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dc.contributor.authorFuhlendorf, S. D.
dc.contributor.authorSmeins, F. E.
dc.contributor.authorTaylor, C. A.
dc.date.accessioned2020-09-23T05:52:11Z
dc.date.available2020-09-23T05:52:11Z
dc.date.issued1997-09-01
dc.identifier.citationFuhlendorf, S. D., Smeins, F. E., & Taylor, C. A. (1997). Browsing and tree size influences on Ashe juniper understory. Journal of Range Management, 50(5), 507-512.
dc.identifier.issn0022-409X
dc.identifier.doi10.2307/4003706
dc.identifier.urihttp://hdl.handle.net/10150/644060
dc.description.abstractAshe juniper (Junius ashei, Buckholz) is increasing on most sites across the Edwards Plateau of Texas. It is the purpose of this investigation to document the influence of Ashe juniper tree size on understory vegetation and to evaluate how the interaction between tree size and browsing by domestic and white-tailed deer modifies overstory-understory relationships. Trees were randomly selected from 2 long-term treatments (browsed and unbrowsed) and analysed with univariate analysis of covariance and multivariate repeated-measures analysis. Without browsing, Ashe juniper is more abundant and its individual influence increases as the size of the tree increases; trees with a canopy diameter < 6.0 m expressed minimal influence on understory vegetation compared to larger trees. When browsers are present at sufficient stocking rates to create a browse line on large trees, encroachment of Ashe juniper is slowed, rate of increase of all woody speces is reduced, and large trees cause a shift in species composition directly under the canopy, however cover of all herbaceous species is not reduced. Immediately under the canopy of small browsed trees, herbaceous cover is lower than for unbrowsed trees. Environmental variables rpsponsible for these patterns were litter depth and light penetrating the canopy when the sun is at an angle (during the winter). The increased cover of several herbaceous species under the canopy of large browsed trees and at the canopy edge of browsed and unbrowsed trees, indicates the importance of the interaction between canopy cover and the presence of a browse line. Browse lines on large trees enhance growth and production of cool season species, such as Texas wintergrass (Stipa leucotricha Trin. & Rupr.) and reduce negative influences (low light, thick leaf litter, etc.) on other herbaceous species. At this level of browsing many other palatable species could be reduced or lost from the plant comunity.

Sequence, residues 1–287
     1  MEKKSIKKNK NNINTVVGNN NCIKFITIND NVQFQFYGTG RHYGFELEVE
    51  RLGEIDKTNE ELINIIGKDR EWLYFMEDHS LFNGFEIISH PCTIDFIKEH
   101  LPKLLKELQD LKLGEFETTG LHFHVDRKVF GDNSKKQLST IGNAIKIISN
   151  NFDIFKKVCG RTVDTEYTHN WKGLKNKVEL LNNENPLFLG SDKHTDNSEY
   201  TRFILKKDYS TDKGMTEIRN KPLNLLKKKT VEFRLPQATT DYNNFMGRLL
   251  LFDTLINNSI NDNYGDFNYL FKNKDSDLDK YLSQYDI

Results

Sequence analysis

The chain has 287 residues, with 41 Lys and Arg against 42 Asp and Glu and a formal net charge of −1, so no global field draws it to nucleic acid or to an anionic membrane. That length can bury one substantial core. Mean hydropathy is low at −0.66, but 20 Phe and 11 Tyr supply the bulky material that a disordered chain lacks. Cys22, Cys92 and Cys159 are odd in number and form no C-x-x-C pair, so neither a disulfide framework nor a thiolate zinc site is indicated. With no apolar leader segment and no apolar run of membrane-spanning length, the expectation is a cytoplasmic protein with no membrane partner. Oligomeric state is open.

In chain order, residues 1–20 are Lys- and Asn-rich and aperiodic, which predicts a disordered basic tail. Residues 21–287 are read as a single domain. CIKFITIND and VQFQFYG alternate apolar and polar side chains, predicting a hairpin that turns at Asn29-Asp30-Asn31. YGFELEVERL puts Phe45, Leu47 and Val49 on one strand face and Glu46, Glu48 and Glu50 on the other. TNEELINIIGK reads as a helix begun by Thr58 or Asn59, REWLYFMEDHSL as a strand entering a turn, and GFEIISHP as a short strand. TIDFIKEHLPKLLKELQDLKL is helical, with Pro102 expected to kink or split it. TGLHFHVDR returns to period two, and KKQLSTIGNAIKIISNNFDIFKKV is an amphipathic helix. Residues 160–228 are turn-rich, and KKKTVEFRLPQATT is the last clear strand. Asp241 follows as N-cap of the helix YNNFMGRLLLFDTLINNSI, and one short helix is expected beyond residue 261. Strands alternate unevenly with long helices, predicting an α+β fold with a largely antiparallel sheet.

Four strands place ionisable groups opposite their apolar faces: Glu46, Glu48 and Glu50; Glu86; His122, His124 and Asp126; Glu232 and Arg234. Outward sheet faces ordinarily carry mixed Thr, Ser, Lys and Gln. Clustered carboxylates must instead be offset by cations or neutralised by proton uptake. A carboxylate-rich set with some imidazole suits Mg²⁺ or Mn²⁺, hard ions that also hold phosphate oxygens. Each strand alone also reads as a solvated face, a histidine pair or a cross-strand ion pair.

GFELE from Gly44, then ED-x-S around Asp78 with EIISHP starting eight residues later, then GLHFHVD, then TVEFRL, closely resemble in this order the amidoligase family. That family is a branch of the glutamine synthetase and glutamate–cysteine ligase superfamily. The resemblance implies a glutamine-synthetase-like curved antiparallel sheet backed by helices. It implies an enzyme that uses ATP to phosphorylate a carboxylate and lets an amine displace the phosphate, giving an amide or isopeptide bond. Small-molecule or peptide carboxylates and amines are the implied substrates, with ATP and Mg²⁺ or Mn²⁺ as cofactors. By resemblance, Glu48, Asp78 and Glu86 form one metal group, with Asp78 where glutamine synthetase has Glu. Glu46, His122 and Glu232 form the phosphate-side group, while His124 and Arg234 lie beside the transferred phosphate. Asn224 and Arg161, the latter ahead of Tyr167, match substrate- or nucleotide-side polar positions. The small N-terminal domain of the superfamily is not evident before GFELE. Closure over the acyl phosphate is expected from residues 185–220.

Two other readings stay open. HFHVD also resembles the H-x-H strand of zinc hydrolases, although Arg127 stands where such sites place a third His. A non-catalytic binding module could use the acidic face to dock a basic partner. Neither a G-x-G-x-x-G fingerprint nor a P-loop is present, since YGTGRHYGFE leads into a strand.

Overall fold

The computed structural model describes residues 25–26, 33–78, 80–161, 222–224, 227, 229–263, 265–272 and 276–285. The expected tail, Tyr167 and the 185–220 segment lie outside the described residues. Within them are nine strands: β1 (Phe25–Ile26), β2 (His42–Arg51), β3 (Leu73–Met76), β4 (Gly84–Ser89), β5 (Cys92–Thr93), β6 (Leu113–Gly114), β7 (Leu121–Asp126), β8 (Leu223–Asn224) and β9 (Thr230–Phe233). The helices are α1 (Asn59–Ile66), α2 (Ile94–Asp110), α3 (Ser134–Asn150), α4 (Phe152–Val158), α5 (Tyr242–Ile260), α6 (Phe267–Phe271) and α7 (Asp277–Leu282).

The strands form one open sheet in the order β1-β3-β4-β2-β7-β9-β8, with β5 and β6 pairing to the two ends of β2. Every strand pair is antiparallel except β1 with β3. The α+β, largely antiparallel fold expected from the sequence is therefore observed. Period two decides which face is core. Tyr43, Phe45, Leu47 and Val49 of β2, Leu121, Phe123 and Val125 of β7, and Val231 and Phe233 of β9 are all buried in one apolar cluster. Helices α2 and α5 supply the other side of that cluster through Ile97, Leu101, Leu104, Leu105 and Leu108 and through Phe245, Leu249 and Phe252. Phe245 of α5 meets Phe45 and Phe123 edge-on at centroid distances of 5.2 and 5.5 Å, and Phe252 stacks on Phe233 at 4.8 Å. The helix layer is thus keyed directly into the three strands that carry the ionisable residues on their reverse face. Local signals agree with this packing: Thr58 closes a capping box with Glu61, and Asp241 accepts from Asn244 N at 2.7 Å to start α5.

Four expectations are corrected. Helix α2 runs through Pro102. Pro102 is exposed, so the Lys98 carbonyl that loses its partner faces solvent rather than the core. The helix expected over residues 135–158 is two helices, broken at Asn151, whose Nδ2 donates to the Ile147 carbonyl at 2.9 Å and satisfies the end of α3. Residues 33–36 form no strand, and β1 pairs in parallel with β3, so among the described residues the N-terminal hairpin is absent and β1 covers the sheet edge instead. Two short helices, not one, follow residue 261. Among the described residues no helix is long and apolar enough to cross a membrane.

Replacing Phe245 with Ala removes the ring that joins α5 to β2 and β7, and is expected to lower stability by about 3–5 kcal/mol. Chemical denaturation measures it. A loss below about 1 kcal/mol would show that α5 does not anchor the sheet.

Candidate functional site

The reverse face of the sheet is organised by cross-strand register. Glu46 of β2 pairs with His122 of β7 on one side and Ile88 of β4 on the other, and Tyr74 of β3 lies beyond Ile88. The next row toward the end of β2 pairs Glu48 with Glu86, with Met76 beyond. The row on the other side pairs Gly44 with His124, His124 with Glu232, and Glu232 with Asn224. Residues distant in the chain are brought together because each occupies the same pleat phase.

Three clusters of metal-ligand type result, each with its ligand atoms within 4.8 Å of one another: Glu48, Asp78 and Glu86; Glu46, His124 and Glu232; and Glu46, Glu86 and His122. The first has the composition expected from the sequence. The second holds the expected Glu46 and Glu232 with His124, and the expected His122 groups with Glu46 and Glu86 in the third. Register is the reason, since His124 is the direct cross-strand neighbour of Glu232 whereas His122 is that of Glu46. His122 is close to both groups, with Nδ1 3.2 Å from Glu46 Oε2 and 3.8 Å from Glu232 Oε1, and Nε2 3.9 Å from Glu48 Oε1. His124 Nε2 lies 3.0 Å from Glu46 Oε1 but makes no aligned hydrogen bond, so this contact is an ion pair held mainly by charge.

dc.language.isoen
dc.publisherSociety for Range Management
dc.relation.urlhttps://rangelands.org/
dc.rightsCopyright © Society for Range Management.
dc.rights.urihttp://rightsstatements.org/vocab/InC/1.0/
dc.subjectbrowse line
dc.subjectlight penetration
dc.subjectsize
dc.subjectJuniperus ashei
dc.subjectunderstory
dc.subjectOdocoileus virginianus
dc.subjectstocking rate
dc.subjectgoats
dc.subjectTexas
dc.subjectplant litter
dc.subjectbotanical composition
dc.subjectcanopy
dc.subjectbrowsing
dc.subjectgrasses
dc.titleBrowsing and tree size influences on Ashe juniper understory
dc.typetext
dc.typeArticle
dc.identifier.journalJournal of Range Management
dc.description.collectioninformationThe Journal of Range Management archives are made available by the Society for Range Management and the University of Arizona Libraries. Contact lbry-journals@email.arizona.edu for further information.
dc.eprint.versionFinal published version
dc.description.admin-noteMigrated from OJS platform August 2020
dc.source.volume50
dc.source.issue5
dc.source.beginpage507-512
refterms.dateFOA2020-09-23T05:52:11Z


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